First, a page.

practice, practice, practice, to get good at their sport or instrument.**
In fact there is no such thing as too much practice.

To get the most out of these, **you should work the
problem out on
your own and then check your answer by clicking on the link for the
answer/discussion
for that problem**. At the link you will find the answer
as well as any steps that went into finding that answer.

Practice Problems 1a - 1f:Factor completely.

** Need Extra Help on these Topics?**

This webpage goes over how to factor out a GCF and how to factor by grouping.

**http://www.purplemath.com/modules/simpfact.htm**

This webpage helps you with factoring out the GCF.

**http://www.mathpower.com/tut111.htm **

This webpage will help you with factoring out the GCF.

**http://www.wtamu.edu/academic/anns/mps/math/mathlab/int_algebra/****int_alg_tut28_facttri.htm**

This webpage goes over how to factor trinomials.

**http://www.purplemath.com/modules/factquad.htm**

This webpage helps you factor trinomials.** **

**http://www.mathpower.com/tut47.htm**

This website helps you factor trinomials.

**http://www.mathpower.com/tut31.htm**

This website helps you factor trinomials.

**http://www.wtamu.edu/academic/anns/mps/math/mathlab/int_algebra/**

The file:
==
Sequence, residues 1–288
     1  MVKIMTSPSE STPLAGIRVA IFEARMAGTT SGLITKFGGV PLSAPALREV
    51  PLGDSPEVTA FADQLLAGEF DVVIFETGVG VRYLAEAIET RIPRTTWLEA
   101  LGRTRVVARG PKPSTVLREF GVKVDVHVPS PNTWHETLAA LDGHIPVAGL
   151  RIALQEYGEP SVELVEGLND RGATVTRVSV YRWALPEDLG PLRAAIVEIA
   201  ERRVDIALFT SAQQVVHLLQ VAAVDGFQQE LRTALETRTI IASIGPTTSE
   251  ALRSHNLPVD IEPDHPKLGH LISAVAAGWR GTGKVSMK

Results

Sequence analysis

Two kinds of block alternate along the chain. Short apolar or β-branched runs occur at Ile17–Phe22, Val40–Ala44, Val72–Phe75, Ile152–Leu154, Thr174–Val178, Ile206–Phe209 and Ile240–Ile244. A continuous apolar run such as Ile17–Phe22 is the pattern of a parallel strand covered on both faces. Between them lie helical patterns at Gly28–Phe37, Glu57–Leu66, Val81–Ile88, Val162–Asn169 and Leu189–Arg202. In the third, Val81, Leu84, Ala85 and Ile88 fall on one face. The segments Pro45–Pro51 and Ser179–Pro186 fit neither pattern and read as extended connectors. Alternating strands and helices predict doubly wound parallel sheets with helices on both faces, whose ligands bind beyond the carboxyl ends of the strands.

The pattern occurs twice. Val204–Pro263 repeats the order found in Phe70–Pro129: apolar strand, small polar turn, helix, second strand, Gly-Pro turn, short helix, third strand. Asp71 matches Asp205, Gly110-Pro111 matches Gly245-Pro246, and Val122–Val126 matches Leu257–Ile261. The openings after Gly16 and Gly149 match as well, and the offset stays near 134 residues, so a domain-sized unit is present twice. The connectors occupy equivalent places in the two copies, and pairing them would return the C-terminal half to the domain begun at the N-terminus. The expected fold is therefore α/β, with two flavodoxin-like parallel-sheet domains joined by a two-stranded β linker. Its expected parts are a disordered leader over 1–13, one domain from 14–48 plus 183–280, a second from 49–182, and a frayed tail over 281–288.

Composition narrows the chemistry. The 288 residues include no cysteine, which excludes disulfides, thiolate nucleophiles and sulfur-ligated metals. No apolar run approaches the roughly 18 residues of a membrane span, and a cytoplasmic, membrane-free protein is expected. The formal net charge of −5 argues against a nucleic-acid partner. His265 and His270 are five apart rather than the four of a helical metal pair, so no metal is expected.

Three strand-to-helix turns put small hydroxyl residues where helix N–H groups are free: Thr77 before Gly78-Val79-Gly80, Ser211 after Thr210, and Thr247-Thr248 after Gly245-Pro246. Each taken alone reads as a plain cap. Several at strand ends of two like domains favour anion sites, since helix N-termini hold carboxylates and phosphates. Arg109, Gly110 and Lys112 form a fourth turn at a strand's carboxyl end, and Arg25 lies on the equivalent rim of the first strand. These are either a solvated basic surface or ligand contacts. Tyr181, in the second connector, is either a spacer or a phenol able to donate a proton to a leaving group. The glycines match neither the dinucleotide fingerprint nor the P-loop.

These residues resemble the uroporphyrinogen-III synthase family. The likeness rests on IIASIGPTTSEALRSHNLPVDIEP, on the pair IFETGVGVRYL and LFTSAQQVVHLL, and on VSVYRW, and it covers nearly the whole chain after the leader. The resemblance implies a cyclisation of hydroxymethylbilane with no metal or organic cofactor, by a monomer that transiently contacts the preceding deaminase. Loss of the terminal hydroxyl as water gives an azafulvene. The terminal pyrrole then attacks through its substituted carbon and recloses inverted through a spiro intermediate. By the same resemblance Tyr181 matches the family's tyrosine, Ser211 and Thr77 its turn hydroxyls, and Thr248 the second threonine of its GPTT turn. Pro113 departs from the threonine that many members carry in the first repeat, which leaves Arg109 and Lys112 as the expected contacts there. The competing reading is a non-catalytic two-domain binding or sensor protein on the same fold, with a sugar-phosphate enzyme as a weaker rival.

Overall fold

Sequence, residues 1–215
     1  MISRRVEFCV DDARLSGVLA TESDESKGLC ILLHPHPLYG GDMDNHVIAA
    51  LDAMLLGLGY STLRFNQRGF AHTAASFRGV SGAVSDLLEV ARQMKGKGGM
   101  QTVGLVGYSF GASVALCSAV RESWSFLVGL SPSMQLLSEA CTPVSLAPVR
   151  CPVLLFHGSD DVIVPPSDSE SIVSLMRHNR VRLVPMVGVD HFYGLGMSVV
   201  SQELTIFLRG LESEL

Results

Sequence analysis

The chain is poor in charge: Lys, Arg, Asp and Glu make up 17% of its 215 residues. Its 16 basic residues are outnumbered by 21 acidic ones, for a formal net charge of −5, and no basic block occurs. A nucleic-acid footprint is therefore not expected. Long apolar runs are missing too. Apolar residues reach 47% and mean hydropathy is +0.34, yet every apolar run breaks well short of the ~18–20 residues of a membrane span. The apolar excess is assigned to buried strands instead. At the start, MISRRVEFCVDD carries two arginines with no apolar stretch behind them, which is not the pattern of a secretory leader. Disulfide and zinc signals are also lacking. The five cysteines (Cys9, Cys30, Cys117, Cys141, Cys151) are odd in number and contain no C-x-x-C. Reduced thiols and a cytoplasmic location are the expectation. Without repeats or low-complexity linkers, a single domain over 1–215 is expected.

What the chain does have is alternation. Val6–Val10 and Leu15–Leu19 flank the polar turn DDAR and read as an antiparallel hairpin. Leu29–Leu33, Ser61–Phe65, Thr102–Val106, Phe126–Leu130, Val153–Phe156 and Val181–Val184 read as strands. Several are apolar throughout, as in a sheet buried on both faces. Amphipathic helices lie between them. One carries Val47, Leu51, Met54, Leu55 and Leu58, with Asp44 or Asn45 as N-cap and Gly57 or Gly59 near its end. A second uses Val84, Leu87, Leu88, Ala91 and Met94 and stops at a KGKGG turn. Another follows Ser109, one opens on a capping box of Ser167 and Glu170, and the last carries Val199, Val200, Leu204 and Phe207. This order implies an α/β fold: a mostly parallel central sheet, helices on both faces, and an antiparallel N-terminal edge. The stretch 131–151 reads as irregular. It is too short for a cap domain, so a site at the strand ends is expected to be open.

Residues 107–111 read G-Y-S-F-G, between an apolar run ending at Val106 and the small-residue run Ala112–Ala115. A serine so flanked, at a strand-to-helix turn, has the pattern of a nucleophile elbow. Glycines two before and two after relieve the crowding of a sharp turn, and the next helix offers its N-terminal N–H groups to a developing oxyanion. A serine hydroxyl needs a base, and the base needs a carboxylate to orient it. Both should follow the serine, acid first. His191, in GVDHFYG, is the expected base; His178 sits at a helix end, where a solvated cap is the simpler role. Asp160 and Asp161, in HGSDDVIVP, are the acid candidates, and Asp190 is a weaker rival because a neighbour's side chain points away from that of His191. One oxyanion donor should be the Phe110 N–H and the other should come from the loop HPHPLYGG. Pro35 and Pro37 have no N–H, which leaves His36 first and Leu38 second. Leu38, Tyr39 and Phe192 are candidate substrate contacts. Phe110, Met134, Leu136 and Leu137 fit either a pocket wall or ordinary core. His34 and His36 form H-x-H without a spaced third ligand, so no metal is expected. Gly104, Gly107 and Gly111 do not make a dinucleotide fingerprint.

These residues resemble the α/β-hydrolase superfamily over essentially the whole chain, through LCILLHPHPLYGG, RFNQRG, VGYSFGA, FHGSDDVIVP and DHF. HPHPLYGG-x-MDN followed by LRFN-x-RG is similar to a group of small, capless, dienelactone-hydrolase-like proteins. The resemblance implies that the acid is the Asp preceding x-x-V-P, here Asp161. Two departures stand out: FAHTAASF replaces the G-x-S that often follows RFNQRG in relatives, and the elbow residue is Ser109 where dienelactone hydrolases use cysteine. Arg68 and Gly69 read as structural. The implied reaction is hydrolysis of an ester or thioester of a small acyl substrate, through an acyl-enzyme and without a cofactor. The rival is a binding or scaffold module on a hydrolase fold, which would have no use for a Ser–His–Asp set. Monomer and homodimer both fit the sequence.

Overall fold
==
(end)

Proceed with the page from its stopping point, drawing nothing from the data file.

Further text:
**int_alg_tut29_specfact.htm**

This webpage goes over how to factor perfect square trinomial,
difference
of squares, and sum or difference of cubes.

**http://www.sosmath.com/algebra/factor/fac05/fac05.html**

This webpage helps you with the factoring by special products discussed
in this tutorial.

**http://www.purplemath.com/modules/specfact.htm**

This webpage helps you with the factoring by special products discussed
in this tutorial.

**Go to Get
Help Outside the
Classroom found in Tutorial 1: How to Succeed in a Math Class for
some
more suggestions.**

Videos at this site were created and produced by Kim Seward and Virginia Williams Trice.

Last revised on Dec. 13, 2009 by Kim Seward.

All contents copyright (C) 2002 - 2010, WTAMU and Kim Seward. All rights reserved.